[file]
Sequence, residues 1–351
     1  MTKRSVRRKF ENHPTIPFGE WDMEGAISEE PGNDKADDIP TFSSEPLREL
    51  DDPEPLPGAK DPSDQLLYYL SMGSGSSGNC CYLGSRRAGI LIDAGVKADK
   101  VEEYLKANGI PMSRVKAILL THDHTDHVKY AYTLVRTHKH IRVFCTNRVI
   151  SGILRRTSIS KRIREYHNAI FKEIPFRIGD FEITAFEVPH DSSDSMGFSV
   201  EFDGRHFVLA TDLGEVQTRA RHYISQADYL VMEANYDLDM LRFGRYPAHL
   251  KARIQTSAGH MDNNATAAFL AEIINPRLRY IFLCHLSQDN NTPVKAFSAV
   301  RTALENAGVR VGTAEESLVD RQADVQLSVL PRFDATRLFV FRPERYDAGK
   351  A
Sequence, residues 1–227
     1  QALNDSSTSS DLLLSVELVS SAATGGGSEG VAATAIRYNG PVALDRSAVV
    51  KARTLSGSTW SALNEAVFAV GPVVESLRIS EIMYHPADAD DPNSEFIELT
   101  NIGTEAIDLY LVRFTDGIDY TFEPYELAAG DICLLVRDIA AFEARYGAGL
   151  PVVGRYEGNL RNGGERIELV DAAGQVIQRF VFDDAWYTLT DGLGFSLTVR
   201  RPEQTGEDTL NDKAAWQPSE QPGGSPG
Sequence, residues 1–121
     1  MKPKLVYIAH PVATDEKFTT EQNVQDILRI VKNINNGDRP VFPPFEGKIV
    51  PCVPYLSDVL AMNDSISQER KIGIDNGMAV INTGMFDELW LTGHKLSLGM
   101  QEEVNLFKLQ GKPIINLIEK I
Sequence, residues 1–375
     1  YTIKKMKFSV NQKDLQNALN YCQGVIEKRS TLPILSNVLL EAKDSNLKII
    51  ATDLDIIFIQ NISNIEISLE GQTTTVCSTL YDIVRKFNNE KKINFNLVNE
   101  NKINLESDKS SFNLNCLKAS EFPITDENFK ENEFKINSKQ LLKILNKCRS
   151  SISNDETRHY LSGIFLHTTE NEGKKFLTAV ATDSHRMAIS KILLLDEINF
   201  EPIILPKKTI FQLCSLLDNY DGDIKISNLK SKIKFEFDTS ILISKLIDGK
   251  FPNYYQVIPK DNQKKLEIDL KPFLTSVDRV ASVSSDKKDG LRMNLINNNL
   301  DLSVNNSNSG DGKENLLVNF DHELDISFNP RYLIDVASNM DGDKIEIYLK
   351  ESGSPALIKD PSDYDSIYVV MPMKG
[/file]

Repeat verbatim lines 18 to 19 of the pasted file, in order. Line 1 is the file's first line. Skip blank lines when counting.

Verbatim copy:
    51  PCVPYLSDVL AMNDSISQER KIGIDNGMAV INTGMFDELW LTGHKLSLGM
   101  QEEVNLFKLQ GKPIINLIEK I